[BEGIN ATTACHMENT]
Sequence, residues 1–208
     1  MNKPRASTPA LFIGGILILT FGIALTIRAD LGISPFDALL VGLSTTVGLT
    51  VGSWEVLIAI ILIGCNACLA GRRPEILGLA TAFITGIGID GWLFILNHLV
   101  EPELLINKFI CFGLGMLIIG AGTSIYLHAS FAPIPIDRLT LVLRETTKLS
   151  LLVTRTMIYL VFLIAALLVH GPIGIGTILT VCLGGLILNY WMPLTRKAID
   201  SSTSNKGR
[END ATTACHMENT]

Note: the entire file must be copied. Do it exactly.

Sequence, residues 1–208
     1  MNKPRASTPA LFIGGILILT FGIALTIRAD LGISPFDALL VGLSTTVGLT
    51  VGSWEVLIAI ILIGCNACLA GRRPEILGLA TAFITGIGID GWLFILNHLV
   101  EPELLINKFI CFGLGMLIIG AGTSIYLHAS FAPIPIDRLT LVLRETTKLS
   151  LLVTRTMIYL VFLIAALLVH GPIGIGTILT VCLGGLILNY WMPLTRKAID
   201  SSTSNKGR